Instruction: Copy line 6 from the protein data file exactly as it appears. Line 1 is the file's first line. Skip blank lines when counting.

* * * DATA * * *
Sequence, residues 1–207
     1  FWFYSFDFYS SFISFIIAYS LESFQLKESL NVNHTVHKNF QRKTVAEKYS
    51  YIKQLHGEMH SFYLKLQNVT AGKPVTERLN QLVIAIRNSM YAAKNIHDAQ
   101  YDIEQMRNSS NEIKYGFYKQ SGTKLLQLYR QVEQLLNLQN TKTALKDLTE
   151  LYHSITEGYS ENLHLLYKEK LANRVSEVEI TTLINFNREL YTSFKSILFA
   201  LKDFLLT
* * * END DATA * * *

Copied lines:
   201  LKDFLLT